Preventing the Nightmare, Part 3 - Multi-factor Authentication
Something you know. Something you have. One more layer of protection for your online life.
Preface: This particular technology topic is tough for me to communicate the benefits and “articulate the why” while preventing most folks from mentally checking out and shying away from considering its use in their online life. I hope that you will be patient with my attempt to explain what this layer of online security is and why matters to me. I appreciate it!
To avoid the Nightmare Scenario, I have spent a number of hours updating my online account passwords to consist of unmemorizable randomized characters, at least 30 in length, stored in an encrypted password manager vault. But I didn’t stop there. I have adopted one more gate of protection for my online account security.
The Second Layer
For all online websites which provide it, I have turned on multi-factor authentication (MFA), or two-factor authentication (2FA). This is an additional level of security which requires correct authentication in order to access an online account. Should the adversary, even if they were to capture your long complicated account password in a server hack or a phishing attack, would also need your actual phone in order to get into your account. You might currently be using MFA in your online life with six-digit codes sent to your phone via text messages after successfully logging into some websites. There is another type of MFA that I use that has helped me the past few years.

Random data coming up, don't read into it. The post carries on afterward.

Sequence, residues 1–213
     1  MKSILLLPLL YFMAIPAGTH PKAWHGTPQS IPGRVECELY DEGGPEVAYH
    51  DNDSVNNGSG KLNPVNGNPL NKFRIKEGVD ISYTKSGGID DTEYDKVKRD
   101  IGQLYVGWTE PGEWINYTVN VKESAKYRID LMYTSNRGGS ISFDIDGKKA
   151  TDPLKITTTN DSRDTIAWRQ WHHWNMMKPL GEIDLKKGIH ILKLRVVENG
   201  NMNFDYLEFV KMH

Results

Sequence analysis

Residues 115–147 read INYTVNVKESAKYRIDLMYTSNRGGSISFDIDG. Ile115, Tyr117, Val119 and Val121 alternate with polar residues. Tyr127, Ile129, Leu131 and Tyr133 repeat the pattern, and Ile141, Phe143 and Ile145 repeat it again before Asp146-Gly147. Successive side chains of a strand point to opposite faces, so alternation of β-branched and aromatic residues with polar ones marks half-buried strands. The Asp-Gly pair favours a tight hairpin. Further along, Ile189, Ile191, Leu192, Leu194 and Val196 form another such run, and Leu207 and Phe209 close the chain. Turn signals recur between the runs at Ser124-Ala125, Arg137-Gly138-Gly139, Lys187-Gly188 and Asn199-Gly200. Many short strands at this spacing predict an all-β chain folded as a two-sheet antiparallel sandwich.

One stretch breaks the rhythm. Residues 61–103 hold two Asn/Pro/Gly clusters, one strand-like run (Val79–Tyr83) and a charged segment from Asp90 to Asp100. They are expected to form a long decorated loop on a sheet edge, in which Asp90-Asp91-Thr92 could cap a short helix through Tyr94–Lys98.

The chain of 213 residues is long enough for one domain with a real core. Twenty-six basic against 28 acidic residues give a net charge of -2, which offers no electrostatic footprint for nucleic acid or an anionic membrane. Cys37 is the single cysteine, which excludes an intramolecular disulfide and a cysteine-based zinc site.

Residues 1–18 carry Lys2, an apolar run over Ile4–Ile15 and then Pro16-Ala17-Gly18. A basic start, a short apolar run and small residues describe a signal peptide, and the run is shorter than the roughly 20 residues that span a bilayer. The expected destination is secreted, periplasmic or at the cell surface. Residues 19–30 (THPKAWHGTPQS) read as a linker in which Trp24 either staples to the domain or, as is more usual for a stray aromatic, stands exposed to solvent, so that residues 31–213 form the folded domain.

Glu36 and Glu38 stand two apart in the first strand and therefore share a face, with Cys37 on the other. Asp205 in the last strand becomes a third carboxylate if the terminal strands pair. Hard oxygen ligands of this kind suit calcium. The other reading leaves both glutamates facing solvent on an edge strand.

A MFA authenticator application is a piece of software that is usually free and available for installation on all operating systems and devices. I have my MFA authenticator application in two locations: my mobile phone and my primary desktop computer. I can add a website to my authenticator app by scanning a QR code on its webpage, then it will display a random 6-number code that changes every 30 to 60 seconds depending on your application. Once enabled, every time I login to a website with my password, auto-filled from my Bitwarden vault, I open my authenticator app and enter the current 6-digit code to enter my website.
A very popular MFA application to consider is Twilio’s Authy. This helpful video by Think Tutorial shows how you can set up Authy MFA with a Facebook account. I have all of my important accounts set up with MFA as well as the major online retails websites (yes, those online sites you’re probably thinking of).
I am aware that this is not a very popular mindset, but I believe it should be difficult for us to access our sensitive data online. A strong password and a frequently-changing code are two big steps towards protecting our online accounts and preventing our adversaries around the world from having success hacking our online accounts.\
Thanks for your time. I do appreciate it,